5 Jul 2017

Contractor wins case defending harvesting work

5:26 pm on 5 July 2017

The High Court in Dunedin has found a contractor who two dairy farming brothers were trying to sue for $300,000 worth of damages to their silage crop was not at fault.

Coat of Arms inside the High Court in Rotorua

The Dunedin High Court has ruled in favour of a contractor hired by the Hughes brothers to harvest their pea and barley crop. Photo: RNZ / Claire Eastham-Farrelly

In February 2014 brothers Tony and Wayne Hughes contracted Allan Lyall to harvest their pea and barley crop for silage near Balclutha.

Three months later when the silage pit was opened the feed was in poor condition and the brothers took Mr Lyall to court seeking compensation for the loss of the winter feed.

After six days in the High Court Justice Rachel Dunningham found the silage was poor quality because the crop was over-mature when it was harvested, which was not Mr Lyall's fault.

"In my view, despite Mr Lyall and his contractor using the skills expected of reasonably competent silage contractors to implement the fallback option of cut, rake and chop which the Hughes brothers agreed to, soil was still incorporated in the silage by this process, resulting in a loss of silage quality."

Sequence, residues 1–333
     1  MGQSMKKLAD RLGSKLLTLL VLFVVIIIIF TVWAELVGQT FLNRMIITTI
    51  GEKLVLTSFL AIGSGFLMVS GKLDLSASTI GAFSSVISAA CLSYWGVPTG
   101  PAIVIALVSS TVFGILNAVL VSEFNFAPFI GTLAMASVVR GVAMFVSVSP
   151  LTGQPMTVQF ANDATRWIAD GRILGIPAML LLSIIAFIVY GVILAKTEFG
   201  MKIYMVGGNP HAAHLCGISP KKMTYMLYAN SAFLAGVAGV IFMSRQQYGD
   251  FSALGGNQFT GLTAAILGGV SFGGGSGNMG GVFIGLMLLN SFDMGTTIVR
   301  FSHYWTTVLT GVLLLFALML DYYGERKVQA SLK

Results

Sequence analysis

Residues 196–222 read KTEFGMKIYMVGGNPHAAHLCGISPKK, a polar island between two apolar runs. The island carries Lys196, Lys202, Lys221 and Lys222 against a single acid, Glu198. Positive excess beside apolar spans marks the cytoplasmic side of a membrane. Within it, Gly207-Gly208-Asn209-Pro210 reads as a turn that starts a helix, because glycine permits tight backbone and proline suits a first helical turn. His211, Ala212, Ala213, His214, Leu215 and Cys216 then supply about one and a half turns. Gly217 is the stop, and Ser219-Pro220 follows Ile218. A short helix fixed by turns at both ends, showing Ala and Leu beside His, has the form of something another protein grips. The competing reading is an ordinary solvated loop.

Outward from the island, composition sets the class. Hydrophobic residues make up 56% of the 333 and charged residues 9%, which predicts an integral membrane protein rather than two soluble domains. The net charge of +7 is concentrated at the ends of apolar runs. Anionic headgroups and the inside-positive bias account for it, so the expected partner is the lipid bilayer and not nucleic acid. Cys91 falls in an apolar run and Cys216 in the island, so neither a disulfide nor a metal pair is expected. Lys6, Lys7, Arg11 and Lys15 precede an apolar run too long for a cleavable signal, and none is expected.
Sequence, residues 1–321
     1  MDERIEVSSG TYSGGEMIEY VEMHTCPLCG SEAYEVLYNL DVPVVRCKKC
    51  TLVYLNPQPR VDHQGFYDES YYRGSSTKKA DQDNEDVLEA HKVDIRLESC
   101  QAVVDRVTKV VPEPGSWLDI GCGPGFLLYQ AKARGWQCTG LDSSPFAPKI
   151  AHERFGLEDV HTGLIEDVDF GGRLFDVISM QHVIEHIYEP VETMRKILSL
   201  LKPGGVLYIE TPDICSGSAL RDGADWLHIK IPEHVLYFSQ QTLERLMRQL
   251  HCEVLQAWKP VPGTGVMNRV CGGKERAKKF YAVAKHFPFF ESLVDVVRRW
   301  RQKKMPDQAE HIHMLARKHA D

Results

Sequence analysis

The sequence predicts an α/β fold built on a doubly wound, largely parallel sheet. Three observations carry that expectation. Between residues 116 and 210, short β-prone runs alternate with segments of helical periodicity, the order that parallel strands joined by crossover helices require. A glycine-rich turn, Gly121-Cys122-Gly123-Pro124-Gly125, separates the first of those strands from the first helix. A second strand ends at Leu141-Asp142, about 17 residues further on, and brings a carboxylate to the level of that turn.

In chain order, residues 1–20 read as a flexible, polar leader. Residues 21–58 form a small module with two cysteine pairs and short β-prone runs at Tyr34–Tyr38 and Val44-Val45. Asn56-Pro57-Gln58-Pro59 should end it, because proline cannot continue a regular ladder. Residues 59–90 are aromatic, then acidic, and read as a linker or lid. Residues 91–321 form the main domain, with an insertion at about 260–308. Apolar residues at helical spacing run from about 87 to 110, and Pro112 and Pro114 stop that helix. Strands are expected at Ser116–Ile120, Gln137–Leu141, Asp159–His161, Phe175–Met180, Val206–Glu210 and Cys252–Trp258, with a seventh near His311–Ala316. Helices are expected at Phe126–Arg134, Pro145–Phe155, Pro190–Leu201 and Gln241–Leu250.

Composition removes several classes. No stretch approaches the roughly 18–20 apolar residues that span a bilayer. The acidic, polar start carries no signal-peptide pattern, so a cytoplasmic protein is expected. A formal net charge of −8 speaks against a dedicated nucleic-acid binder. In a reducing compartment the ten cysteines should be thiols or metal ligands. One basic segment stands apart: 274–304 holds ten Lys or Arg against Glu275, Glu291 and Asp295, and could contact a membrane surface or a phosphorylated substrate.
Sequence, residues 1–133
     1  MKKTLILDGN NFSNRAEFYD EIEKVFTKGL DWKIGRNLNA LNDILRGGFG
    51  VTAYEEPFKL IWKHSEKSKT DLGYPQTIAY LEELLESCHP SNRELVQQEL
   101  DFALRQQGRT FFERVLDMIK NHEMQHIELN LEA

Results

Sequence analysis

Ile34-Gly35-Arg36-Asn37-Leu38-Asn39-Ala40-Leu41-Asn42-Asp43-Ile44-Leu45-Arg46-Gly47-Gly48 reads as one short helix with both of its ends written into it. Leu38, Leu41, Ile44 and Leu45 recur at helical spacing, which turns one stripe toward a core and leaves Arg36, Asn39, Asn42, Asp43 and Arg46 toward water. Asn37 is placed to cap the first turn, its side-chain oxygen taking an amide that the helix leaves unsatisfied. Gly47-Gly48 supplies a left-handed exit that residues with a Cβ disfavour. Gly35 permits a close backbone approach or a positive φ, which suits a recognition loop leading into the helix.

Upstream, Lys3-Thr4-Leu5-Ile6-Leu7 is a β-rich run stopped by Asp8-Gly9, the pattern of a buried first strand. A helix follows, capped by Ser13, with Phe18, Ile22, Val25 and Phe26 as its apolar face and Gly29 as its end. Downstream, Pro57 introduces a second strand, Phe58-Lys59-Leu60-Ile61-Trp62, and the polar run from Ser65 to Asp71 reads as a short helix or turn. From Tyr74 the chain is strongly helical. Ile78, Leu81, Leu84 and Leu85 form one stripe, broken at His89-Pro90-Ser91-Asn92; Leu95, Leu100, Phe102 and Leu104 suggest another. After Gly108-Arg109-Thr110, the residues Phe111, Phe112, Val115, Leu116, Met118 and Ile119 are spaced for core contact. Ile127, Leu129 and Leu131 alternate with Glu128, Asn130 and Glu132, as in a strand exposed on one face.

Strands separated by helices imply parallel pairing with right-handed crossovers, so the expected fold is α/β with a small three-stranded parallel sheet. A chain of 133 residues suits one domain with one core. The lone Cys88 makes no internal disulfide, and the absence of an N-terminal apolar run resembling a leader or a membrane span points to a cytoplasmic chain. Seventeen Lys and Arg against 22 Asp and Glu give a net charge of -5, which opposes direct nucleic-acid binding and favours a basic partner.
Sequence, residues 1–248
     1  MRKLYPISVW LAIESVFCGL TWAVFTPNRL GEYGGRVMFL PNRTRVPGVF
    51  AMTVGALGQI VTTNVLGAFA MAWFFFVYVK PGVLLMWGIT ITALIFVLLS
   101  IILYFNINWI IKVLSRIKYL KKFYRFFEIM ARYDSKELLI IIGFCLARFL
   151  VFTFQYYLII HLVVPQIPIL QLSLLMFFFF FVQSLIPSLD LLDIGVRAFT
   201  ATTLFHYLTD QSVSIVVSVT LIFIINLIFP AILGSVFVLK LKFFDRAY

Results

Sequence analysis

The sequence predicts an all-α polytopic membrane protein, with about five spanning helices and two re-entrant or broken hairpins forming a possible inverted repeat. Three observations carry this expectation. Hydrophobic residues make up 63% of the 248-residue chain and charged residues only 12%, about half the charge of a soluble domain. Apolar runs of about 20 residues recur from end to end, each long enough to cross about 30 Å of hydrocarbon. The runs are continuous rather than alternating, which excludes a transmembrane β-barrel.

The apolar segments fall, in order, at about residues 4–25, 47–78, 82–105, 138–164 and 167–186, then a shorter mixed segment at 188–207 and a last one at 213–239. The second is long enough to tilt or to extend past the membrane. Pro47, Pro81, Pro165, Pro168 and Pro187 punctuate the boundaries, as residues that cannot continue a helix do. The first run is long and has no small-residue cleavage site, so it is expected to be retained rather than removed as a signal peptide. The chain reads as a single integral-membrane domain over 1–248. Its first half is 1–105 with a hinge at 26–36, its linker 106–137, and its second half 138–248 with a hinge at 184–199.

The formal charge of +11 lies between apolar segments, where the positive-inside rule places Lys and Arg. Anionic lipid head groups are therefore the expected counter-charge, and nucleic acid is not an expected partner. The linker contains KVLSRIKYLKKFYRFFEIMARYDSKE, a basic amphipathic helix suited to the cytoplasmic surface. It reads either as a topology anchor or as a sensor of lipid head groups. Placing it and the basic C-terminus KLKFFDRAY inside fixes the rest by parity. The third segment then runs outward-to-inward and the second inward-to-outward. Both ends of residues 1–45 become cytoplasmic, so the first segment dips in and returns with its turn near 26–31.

In her decision Justice Dunningham said Mr Lyall had not breached his contractual duties and that he was entitled to costs after being successful in the case.

The brothers pinned part of their case on the amount of dirt in the silage, however when Mr Lyall called in animal nutrition expert Jim Gibbs for advice, he said the level dirt in the silage was not a problem.

Mr Lyall said the crop was too far gone when he was called in to harvest it.

"They got me in to harvest their whole crop, peas and barley, but when I got there to do it it was three to four weeks over-matured... the peas were past it - they were starting to shed the pods and drop out on the ground.

"I couldn't get it through my whole-front because the pea stalks were about four foot long and they were wrapping around my auger, it broke the auger shaft... I hired another one and broke it too."

Mr Lyall said he told the Hughes brothers that that method wouldn't work, so the brothers mowed and raked the crop first.

He said it was a relief the court case was over and he always knew the poor quality silage was not his fault.

"I was feeling confident I had done no wrong."

However he was apprehensive the Hughes would appeal.

RNZ has been unable to contact Tony and Wayne Hughes for comment.